Signs your elderly relative is being bilked
Ten percent of people older than 60 suffer from some form of financial exploitation every year. These statistics not only include con artists, but also predatory marketing practices from retailers and even shady charities.
Those money problems often go unreported because the seniors are too embarrassed to share what happened. But it almost never happens just once. A single incident might be a sign of increased, vulnerability, but it has also put mom or dad on someone s target list. That’s why it’s important for adult children to keep an eye out for money problems their elderly parents may have.
True Link Financial has put together a checklist of signs of potential money problems that adult children can look for when they visit elderly parents.
1. Missing funds. This is the obvious one. If mom is a victim of elder financial exploitation, whether it’s by a family member, a fraud ring or a predatory marketing scheme, she’s going to have less money as a result. Watch for unpaid bills or extra credit cards lying around and keep an eye on the gifts being given during the holidays. If she’s giving dramatically less or dramatically more this year compared to last year, it could be time to have a conversation and check out her finances.
2. Lots of phone calls from telemarketers. Telemarketers know that older adults are particularly vulnerable to their tactics. And once they discover a viable target, the calls can come nonstop, even if your parent is on a Do Not Call List. Take note of how many calls come during your visit. You may be surprised to find out that telemarketers call your parent more often than you or the grandkids do. Every one of those calls is a financial mishap waiting to happen.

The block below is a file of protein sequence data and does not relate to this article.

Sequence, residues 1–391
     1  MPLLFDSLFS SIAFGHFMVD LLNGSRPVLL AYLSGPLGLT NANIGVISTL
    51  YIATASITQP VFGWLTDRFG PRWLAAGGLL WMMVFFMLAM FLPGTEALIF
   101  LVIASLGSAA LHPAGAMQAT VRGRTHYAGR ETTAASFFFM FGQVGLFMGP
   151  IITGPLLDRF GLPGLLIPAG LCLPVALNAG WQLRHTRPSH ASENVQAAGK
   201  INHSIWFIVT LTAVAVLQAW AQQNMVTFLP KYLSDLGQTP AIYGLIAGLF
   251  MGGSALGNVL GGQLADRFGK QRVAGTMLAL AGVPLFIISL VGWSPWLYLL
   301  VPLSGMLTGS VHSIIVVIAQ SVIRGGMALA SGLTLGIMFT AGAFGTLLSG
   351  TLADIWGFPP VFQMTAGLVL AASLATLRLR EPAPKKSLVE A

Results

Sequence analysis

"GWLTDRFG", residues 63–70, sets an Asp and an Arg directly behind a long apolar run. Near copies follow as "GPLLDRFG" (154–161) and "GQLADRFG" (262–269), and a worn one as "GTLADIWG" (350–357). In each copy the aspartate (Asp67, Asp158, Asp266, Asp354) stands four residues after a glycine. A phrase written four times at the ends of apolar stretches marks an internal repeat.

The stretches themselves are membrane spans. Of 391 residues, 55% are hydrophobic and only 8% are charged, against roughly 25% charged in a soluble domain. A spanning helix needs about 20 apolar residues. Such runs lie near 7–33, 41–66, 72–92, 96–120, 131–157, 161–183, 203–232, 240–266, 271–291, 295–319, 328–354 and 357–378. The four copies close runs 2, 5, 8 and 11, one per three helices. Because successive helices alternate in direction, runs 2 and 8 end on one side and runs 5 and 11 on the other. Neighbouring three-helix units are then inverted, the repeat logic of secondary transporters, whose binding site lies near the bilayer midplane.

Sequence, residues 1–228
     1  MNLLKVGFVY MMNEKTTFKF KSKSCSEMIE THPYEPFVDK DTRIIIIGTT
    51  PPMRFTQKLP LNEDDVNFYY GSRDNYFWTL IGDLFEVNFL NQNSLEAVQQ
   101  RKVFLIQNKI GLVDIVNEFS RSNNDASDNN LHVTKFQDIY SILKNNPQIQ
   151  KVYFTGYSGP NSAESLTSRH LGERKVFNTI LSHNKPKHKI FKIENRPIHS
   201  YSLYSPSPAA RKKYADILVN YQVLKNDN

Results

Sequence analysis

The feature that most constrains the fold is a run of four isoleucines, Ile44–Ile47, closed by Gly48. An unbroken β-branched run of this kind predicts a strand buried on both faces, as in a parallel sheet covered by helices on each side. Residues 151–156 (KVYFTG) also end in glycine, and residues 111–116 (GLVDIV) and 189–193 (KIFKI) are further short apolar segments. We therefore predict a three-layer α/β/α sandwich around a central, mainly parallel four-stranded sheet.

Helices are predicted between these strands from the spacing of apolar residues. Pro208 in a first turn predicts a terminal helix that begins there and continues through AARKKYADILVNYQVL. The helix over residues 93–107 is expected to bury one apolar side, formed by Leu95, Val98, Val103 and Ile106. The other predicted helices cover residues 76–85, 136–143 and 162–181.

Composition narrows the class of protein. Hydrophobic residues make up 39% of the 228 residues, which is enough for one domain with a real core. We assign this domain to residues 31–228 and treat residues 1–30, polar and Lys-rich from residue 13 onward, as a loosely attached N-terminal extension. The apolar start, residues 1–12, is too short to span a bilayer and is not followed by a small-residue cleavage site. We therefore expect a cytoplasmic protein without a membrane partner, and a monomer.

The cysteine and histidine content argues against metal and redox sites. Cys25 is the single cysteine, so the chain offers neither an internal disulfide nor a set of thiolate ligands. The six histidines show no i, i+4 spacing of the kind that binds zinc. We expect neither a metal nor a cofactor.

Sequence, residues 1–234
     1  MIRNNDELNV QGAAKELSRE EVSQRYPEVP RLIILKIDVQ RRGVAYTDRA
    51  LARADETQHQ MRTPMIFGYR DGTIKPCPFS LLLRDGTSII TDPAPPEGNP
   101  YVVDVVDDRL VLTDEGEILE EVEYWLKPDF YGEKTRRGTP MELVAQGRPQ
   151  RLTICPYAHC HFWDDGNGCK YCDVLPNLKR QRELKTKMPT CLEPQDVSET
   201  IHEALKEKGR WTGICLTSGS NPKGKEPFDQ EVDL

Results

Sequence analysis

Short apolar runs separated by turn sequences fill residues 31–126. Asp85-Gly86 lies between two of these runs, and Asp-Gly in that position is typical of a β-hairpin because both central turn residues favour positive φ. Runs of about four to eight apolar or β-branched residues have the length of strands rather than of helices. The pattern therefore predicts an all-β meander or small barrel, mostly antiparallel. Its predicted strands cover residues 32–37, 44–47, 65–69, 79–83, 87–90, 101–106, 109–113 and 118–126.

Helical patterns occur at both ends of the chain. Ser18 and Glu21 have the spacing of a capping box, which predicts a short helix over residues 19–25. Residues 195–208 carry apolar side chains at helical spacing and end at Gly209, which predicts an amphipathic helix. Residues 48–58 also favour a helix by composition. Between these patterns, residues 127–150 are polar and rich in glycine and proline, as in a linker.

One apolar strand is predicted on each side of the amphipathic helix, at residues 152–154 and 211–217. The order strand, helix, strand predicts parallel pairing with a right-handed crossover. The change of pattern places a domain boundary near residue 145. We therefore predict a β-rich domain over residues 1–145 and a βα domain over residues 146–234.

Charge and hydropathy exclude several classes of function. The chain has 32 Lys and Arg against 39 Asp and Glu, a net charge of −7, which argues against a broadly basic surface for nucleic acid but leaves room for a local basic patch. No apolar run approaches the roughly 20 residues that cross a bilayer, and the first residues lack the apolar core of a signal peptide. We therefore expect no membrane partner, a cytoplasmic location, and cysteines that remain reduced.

3. New friends. All too often, these senior entrapment schemes rely on the perception that the senior is susceptible, isolated or even lonely. This is a tactic used by con artists, malicious caregivers, predatory telemarketers and deceptive infomercial offers alike. The more they build a trusting relationship with your elderly relative, the more likely they are to get their money. If someone is suddenly spending a lot of time with mom or dad, get to know who the person is and what the nature of the relationship is, and it might be a good time to do a quick review of your parent’s bank accounts and credit cards.
4. Small clues in conversations. If mom says something that doesn’t quite make sense, you might brush over it. If she mentions her grandson’s trip to Mexico, you think to yourself, “Oh, she must mean Florida and got confused.” However, she could be talking about falling victim to the grandparent scam, in which someone posing as a relative in a tough situation cons the elderly person into wiring money abroad.
5. Unusual gifts. Family is often the most important thing to a senior, so gifts for family members are often used as bait for financial entrapment by deceptive merchants. They might offer four for the price of one as part of a misleading sales pitch, so the other three become gifts for family members. Or a sweepstakes or lottery winnings fraud will claim that a senior is going to get to take their family on an exciting trip abroad.
6. Secrecy. Seniors suffering from financial entrapment often feel fear or shame about the situation they are in. If mom suddenly doesn’t want to talk about money anymore, that’s exactly the time when you should be having a conversation about money.
Talking about the aging process can always be uncomfortable. But spotting these problems early and taking meaningful steps to address them will be better for both you and your parents in the long run.
True Link protects elderly and cognitively impaired people from scams, fraud and financial exploitation by providing them with a safe form of payment to make daily purchases. Family caregivers set up and use True Link’s service to monitor their loved ones’ spending and prevent unwanted purchases from pushy telemarketers, predatory mail solicitations or sweepstakes scams. For more information, visit TrueLinkFinancial.com.